Dems continue push for McNamee recusal

Source: Jeremy Dillon, E&E News reporter • Posted: Friday, December 14, 2018

Fresh off a partisan confirmation vote, newly sworn-in Federal Energy Regulatory Commission member Bernard McNamee is facing more calls for his recusal from potential policies to aid struggling coal and nuclear power plants that may appear before the panel.

A group of 17 Senate Democrats, led by Sen. Catherine Cortez Masto of Nevada and Minority Leader Chuck Schumer of New York, wrote McNamee yesterday requesting he recuse himself from those considerations following his work with the Department of Energy’s failed policy proposal to institute a market tariff to reward plant “resilience.”

FERC unanimously rejected that proposal in January. Other strategies to help coal and nuclear plants appeared to have stalled over cost concerns.

“We are concerned about positions you have taken, both while serving as the U.S. Department of Energy’s (DOE) Deputy General Counsel for Energy Policy and in the private sector,” the senators wrote, adding, “These positions and statements suggest a lack of independence and an inappropriate predisposition on a number of topics likely to be involved in proceedings that will come before you in your new role as a FERC Commissioner.”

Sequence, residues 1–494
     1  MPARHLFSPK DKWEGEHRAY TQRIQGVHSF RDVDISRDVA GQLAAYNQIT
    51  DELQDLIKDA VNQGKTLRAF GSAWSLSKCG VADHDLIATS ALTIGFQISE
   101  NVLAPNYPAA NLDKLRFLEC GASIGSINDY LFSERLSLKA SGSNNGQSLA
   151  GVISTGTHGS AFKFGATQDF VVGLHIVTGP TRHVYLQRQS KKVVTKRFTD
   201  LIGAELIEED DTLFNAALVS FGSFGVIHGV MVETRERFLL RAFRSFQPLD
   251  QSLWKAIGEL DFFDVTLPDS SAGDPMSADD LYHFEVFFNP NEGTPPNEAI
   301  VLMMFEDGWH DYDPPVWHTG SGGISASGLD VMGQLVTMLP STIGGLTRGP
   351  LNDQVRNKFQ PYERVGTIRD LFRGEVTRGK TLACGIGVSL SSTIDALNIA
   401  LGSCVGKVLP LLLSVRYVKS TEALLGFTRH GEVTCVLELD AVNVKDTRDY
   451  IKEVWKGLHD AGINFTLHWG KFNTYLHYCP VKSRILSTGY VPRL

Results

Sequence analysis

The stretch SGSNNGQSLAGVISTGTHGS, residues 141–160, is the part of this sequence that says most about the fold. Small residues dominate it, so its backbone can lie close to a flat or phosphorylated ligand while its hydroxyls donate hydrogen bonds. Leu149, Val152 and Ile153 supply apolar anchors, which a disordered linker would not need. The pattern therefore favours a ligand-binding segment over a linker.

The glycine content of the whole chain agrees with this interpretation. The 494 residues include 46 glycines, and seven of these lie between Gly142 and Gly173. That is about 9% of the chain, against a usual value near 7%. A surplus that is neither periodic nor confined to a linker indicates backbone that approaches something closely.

In addition to the request for recusal, the senators pushed McNamee to disclose by Jan. 9 the ethics guidance he sought from FERC officials as to which matters he could and could not participate in.

McNamee avoided calls for his recusal during his confirmation hearing, arguing he needed to consult with ethics experts before making final commitments.

Although the senators pose tough demands on the new commissioner, there does not appear to be much recourse for the lawmakers if he does not recuse himself.

McNamee already earned the support of every Republican during his floor vote last week. McNamee officially joined FERC on Tuesday.

House Democrats may prove more successful in conducting oversight as they take over control of the Energy and Commerce Committee next Congress, although leaders have not hinted that is a priority for the panel.

McNamee secured confirmation last week on a 50-49 party-line vote after he narrowly moved through a rocky confirmation process that called into question how impartial he could be following his work promoting fossil fuel use.

Those questions reached a fever pitch after a video emerged last month showing McNamee giving a speech before the Texas Public Policy Foundation in February, in which he disparaged the use of renewable energy and environmental group advocacy campaigns.

McNamee has said he will approach his decisions on the commission as “fuel-neutral.” Republicans argued during floor debate last week that they would take him at his word.

FERC declined to comment.

Not included among the Democrats signing the letter is the new ranking member of the Energy and Natural Resources Committee, Sen. Joe Manchin of West Virginia.

Manchin backed off his committee support of McNamee during floor consideration after determining the FERC nominee did not take seriously the challenges of addressing climate change.